For static graphics, you could argue it’s about the same. But few graphics in a Flex application are static. Much of the “rich” in RIAs comes from dynamic graphics–graphics that change in response to user gestures or dynamic data.

In Flex as it is today, developers have to create dynamic graphics by writing imperative ActionScript code. With MXML graphics, developers no longer need to recode the designer’s graphics in order to make them dynamic–they can simply modify the graphics at runtime through simple property access, data binding, the transitions/effects engine, and so on. Designers can continue to edit the graphics visually in Thermo without disturbing the developer’s code.

For example, suppose I draw a button skin in Illustrator that’s filled with a blue gradient, and we want to create multiple buttons with the same look but different colors. My developer can just import that as MXML, and then data-bind the gradient color to some style parameter. Voila–instant styleable skin, without writing a line of AS code. I can then edit the shape of the skin visually in Thermo, and the color style will continue to work, without my having to rewrite a bunch of Graphics method calls.

Now let’s say I want to animate that gradient color when I mouse over the button. Again, I can create this through declarative transitions written in MXML, rather than having to build the animation into an opaque SWF symbol. And again, because the transition is in MXML rather than ActionScript code, I can visually design that transition using the Thermo UI.

The text field that was created in the demo seemed to have its skin specified inline. Will Thermo create large single-file applications? Will the code be huge?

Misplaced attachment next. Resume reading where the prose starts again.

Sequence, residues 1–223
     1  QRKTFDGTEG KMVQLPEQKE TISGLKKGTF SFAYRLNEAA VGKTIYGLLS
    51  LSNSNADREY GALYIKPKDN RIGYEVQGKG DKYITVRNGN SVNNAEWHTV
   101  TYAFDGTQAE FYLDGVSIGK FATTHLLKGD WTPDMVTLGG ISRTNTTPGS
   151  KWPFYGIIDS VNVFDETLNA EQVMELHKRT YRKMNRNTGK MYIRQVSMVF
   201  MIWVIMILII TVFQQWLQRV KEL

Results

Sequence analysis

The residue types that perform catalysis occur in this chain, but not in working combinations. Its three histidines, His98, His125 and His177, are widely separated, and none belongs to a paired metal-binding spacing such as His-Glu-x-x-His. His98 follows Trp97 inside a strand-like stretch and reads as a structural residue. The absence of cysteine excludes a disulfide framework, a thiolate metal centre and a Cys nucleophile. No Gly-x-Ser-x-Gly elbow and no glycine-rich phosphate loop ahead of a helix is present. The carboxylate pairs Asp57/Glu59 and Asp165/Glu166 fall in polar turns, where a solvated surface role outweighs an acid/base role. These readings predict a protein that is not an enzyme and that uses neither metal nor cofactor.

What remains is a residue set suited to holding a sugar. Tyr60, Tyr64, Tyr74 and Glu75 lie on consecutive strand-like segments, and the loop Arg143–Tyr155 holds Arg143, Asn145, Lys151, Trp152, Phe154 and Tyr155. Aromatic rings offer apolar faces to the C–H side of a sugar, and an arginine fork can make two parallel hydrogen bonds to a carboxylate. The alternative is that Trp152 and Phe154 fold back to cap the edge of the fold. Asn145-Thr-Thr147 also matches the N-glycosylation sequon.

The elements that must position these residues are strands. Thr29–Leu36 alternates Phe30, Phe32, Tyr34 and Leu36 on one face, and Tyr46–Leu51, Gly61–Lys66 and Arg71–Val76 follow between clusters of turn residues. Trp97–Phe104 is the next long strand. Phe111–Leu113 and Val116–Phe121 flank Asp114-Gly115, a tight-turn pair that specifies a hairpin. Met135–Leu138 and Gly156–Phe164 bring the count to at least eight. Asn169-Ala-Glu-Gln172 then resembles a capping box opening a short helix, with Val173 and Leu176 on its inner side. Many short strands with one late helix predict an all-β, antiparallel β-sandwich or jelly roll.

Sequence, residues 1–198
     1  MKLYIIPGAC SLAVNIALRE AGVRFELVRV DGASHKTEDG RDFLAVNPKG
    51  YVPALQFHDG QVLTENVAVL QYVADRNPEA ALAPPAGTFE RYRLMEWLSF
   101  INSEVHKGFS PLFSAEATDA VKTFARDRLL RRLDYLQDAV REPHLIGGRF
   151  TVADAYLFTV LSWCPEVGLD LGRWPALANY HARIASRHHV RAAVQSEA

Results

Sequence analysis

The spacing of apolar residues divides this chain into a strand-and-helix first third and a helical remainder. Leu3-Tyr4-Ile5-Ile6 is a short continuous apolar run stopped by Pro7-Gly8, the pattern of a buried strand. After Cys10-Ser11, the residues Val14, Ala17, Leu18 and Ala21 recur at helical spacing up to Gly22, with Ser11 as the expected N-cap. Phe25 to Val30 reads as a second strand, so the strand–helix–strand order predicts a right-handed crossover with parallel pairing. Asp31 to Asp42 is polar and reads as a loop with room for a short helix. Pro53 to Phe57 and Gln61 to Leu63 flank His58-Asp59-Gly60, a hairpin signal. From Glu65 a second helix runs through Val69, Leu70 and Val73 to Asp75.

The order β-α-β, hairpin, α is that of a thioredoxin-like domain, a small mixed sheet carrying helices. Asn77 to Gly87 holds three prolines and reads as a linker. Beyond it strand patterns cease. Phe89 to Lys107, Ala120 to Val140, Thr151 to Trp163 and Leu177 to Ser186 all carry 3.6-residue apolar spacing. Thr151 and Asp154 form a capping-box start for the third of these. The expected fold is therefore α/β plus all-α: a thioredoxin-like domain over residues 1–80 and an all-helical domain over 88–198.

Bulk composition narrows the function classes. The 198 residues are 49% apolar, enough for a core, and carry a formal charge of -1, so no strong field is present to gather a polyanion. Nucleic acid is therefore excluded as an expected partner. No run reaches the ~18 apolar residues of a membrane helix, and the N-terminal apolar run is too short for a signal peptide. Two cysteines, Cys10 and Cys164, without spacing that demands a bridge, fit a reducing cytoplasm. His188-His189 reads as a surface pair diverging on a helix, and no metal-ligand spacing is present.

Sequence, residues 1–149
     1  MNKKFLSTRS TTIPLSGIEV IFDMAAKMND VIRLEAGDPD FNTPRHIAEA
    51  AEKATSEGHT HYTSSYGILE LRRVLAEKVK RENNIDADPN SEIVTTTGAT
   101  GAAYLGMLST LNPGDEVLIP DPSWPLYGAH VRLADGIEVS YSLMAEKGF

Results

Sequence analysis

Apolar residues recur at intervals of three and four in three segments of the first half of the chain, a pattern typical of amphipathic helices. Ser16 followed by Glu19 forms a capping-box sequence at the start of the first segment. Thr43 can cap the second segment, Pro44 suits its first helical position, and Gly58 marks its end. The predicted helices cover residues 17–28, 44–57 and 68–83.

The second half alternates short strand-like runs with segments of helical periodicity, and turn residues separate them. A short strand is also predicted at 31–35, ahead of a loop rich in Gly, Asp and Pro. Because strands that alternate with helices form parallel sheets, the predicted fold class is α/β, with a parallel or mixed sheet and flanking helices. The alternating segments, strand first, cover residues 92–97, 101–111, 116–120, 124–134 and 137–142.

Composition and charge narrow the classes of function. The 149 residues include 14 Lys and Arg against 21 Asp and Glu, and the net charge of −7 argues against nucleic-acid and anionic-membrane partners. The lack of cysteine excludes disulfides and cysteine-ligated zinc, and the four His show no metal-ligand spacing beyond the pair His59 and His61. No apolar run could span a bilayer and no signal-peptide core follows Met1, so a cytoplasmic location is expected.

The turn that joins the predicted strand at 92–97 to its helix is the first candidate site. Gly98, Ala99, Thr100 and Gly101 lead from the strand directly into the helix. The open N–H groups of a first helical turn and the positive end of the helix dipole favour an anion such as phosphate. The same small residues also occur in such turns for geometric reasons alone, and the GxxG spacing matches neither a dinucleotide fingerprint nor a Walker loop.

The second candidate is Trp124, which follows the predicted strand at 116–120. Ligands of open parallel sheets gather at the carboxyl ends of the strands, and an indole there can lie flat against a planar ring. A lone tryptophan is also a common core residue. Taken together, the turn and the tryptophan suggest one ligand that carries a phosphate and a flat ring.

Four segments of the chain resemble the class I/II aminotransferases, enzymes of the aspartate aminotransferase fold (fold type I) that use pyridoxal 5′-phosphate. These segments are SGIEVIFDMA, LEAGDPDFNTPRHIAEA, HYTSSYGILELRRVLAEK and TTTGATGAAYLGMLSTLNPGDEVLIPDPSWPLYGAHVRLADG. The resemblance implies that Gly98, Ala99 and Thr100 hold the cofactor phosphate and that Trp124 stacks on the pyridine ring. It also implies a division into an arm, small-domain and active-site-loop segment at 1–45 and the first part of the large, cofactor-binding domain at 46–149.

Thermo is being created for designers, but of course it won’t be successful unless its output can be easily consumed by developers. Thermo will definitely provide easy ways to factor the resulting code into separate files. For example, skins can be automatically put into separate output files and generalized into CSS rules. (Flex Builder 3 actually already has functionality for extracting inline styles into CSS, and we would certainly have the same functionality in Thermo.)

One example of code factoring that wasn’t obvious from the demo was that when Steven created a list from the individual CD covers, the item renderer for the list was actually created as a separate file. When he then double-clicked on an item in the list to edit it, it felt like it was being edited directly in place in the context of the larger application, but Thermo was actually making edits to the separate item renderer file behind the scenes. This is an example of how we can keep clean code separation without forcing the designer to understand the guts of Flex.

It’s great that you can turn graphics into buttons, scrollbars, etc., but what about custom components? Will Thermo work with components created by developers?

Definitely. Our intention is to make it so that developers can create components that are usable in Thermo the same way the built-in components are. Naturally, they will need to conform to certain rules and/or implement a certain API in order for those components to work well in Thermo, but our intent is to keep those requirements lightweight.

Thermo seems geared towards letting designers build a complete Flex application. Does that mean you expect designers to create business logic as well?